(Given the circumstances, open-minded might be helpful as well.)

Brady, of course, is a natural fit as the leader of my offense. He might not be the most physical player in the league, but his simpatico with Belichick is reminiscent of the Hiller/Levinson vibe. And even if he doesn’t have a knockout punch, Brady isn’t afraid to get all up in somebody’s grill and let them know what he thinks.

My starting running back was easy. Whether it was higher-profile guys like Antowain Smith and Corey Dillon or more mundane talents like Laurence Maroney, Jordan, Morris, BenJarvus Green-Ellis, LeGarrette Blount and Jonas Gray, Belichick’s Patriots have proven to be more than capable of getting the most out of power backs.

Jim Brown is that and more.

As NFL.com described him: “Brown was not only an electrifying runner who is often called the greatest in NFL history, he was also tough, rugged, and virtually impossible to bring down. With the moves of a halfback and the size and power of a fullback, Brown was a handful for the very best defenders in the game.”

Brown retired after only nine seasons as the NFL’s all-time leading rusher. He held the record of 12,312 yards until it was broken by Walter Payton on October 7, 1984, during Payton’s 10th NFL season. But as impressive as Brown’s 5.2-yard per carry career average might be (and it’s very impressive indeed), the willingness to wade into an entire cadre of aliens all on his own  that really sets Brown apart.

Belichick’s Patriots have also relied heavily on receivers out of the backfield. Kevin Faulk and Shane Vereen are prime examples of this. But instead of going with a scatback type to fill that role, I’ll go with a fullback who also happens to be the most effective receiving back the NFL has ever known: Larry Centers.

It’s easy to forget the fullback/pass-catching specialist.

Centers’ 827 receptions are currently the most by any running back and the second most by any non-wide receiver in NFL history, with Gonzalez having surpassed his mark in 2008. Centers finished his 14-year NFL career by earning his first Super Bowl ring with — wait for it — Belichick’s 2003 Patriots.

Studying “Terminator 2,” “Men In Black” and “District 9” made it obvious to me that being an alien (Arnold Schwarzenegger’s reprogrammed Terminator in T-2 and pretty much every character not played by Smith, Tommy Lee Jones, Rip Torn or Linda Fiorentino in MIB) or at least part alien (Sharlto Copley’s Wikus Van De Merwe in D9) can be beneficial. That being the case, I’m going with two players at wide receiver who, if not actual aliens, are totally other-worldly in Rice and Moss.

I believe their presence speaks for itself. With Moss, there’s no real question right? Straight up alien. When it comes to Rice, perhaps not so much alien as just not human.

It’s no coincidence either that Moss had one of the best seasons of his illustrious NFL career in 2007 while a member of the Patriots (98 catches, 1,493 yards and the above-mentioned NFL-record 23 touchdown catches) and that he’s on this squad.

Rice? C’mon now.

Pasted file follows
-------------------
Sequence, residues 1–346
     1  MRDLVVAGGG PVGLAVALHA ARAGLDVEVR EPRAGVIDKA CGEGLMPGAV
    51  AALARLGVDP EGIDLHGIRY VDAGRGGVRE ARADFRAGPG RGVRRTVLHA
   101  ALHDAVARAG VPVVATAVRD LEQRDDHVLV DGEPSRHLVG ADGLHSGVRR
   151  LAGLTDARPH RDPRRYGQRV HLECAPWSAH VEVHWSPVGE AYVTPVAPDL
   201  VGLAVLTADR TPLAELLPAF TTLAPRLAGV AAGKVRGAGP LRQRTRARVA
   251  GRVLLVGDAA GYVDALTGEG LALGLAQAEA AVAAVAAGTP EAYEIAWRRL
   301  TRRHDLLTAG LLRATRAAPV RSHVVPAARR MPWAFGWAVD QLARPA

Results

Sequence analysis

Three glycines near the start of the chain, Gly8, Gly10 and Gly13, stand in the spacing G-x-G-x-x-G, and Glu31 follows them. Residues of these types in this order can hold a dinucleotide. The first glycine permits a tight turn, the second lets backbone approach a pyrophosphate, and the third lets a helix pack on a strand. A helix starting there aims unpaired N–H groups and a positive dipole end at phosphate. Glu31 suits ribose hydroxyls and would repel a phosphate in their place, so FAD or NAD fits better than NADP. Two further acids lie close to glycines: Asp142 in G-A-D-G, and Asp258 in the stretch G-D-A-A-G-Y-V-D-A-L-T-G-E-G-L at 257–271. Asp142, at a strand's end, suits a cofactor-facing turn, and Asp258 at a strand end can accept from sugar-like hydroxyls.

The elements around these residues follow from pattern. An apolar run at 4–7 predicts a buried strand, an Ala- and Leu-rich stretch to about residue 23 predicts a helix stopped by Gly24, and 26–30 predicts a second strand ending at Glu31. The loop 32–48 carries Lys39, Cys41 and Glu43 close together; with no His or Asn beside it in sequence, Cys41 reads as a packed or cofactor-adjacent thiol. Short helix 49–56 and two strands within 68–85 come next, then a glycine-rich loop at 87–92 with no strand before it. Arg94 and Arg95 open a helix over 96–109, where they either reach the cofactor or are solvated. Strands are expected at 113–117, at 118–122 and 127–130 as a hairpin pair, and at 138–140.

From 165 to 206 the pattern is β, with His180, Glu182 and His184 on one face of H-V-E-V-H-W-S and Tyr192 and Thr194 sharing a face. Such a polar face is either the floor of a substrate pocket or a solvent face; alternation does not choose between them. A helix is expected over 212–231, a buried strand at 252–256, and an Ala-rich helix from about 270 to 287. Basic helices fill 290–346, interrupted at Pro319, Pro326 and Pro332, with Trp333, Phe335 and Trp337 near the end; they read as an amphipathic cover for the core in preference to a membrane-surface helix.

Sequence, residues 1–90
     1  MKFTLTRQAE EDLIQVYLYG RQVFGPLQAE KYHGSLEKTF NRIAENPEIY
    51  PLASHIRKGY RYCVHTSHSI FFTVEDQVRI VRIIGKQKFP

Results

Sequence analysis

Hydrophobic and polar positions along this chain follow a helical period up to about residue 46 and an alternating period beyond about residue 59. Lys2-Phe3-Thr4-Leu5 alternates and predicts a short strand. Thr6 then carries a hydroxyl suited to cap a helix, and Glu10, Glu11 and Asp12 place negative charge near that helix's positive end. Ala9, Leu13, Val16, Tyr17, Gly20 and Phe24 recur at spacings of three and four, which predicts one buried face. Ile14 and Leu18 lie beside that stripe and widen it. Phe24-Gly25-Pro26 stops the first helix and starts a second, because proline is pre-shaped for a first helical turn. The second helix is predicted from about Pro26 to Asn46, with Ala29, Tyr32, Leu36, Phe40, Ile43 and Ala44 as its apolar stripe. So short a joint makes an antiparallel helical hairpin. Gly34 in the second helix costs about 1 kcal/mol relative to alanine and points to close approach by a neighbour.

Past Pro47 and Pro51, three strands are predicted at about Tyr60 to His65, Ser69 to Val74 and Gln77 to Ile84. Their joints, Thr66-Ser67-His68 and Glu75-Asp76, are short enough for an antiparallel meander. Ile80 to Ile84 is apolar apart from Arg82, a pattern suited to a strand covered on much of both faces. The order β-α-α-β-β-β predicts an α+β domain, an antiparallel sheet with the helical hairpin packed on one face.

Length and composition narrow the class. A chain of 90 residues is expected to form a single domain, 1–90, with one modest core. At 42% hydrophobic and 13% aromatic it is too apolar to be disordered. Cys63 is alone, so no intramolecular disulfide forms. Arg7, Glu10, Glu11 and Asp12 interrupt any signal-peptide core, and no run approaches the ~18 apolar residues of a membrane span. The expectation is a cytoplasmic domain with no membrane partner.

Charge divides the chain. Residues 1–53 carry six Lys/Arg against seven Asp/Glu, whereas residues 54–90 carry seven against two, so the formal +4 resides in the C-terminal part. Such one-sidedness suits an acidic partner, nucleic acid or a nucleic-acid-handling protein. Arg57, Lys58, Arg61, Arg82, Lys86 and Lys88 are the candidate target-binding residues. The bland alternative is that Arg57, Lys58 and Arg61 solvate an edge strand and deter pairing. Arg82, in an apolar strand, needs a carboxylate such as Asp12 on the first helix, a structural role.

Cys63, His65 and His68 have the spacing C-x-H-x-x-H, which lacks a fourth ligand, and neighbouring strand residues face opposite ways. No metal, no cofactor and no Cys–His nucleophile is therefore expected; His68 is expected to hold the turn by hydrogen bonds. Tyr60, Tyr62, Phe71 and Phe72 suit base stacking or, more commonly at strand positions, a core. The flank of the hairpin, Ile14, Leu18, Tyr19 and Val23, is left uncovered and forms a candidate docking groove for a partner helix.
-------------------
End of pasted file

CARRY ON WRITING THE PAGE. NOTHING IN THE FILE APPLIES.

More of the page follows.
I’m including Welker as well, primarily for his uncanny ability to be right where Brady expects him to be when the QB expects him to be there. Evidence of that can be found in the fact Welker pulled in a prodigious 672 passes during his six-year run with the Patriots.

Gronkowski and Gonzalez are great fits at tight end. In the case of the former, it goes beyond his connection to the Patriots and my heavy reliance on them. It’s a “Gronk Smash” thing. I need somebody who can stomp on alien defenders like they were — well, insects.

 

It helps that he’s been one of the most dominant scoring machines the NFL has seen during his brief tenure to date.

In 2011, Gronk’s second season in the NFL, he set the single-season record for touchdowns by a tight end with 17 scoring grabs (as well as the single-season record for receiving yards by a tight end, with 1,327) making him the first tight end in NFL history to lead the league in receiving touchdowns. In his first three seasons, he had 38 receiving touchdowns in 43 games; no other tight end has had more than 25. In terms of NFL records, Gronkowski is tied with Moss for the most offensive touchdowns in first two seasons with 28.

Gonzalez will fit right in with the crew as the “F” or move tight end, the role that seemed to be propelling Aaron Hernandez to stardom. Suggesting Gonzalez would fare even better in that spot doesn’t require a huge mental stretch. The 14-time Pro-Bowler holds the NFL records for touchdown receptions (111) and total reception yards (15,127) by a tight end. Gonzalez was also known for his durability, missing only two games in his seventeen-year career.

My offensive line is a mauling, physical bunch with plenty of brains, finesse, and technique to go with the brawn. Dobler adds width to the already-considerable mean streak this unit boasts.

Key Offensive Reserves

Who knew Peyton Manning was so influential? Good thing Bob Harris is a sci-fi buff. 

  • Barry Sanders and Payton:  See Moss, Randy and Rice, Jerry.
  • Marshawn Lynch: The ability to generate earthquakes is a super power that might come in handy.
  • Peyton Manning : Does that forehead remind you of anybody?
  • Calvin Johnson: doh
  • Terrell Owens
  • Lance Alworth
  • Todd Christensen: Smart, tough, productive and a character that stood out in a locker room full of them.
  • Bruce Matthews: Capable of playing any position across the line — and doing it well.

FSWA Hall of Famer Bob Harris is the inspiration for countless fantasy writers. You can (and should) follow him on Twitter at @Footballdiehard. 

 

Categories: RSP Writers ProjectTags: , , , , , , , , , , , , ,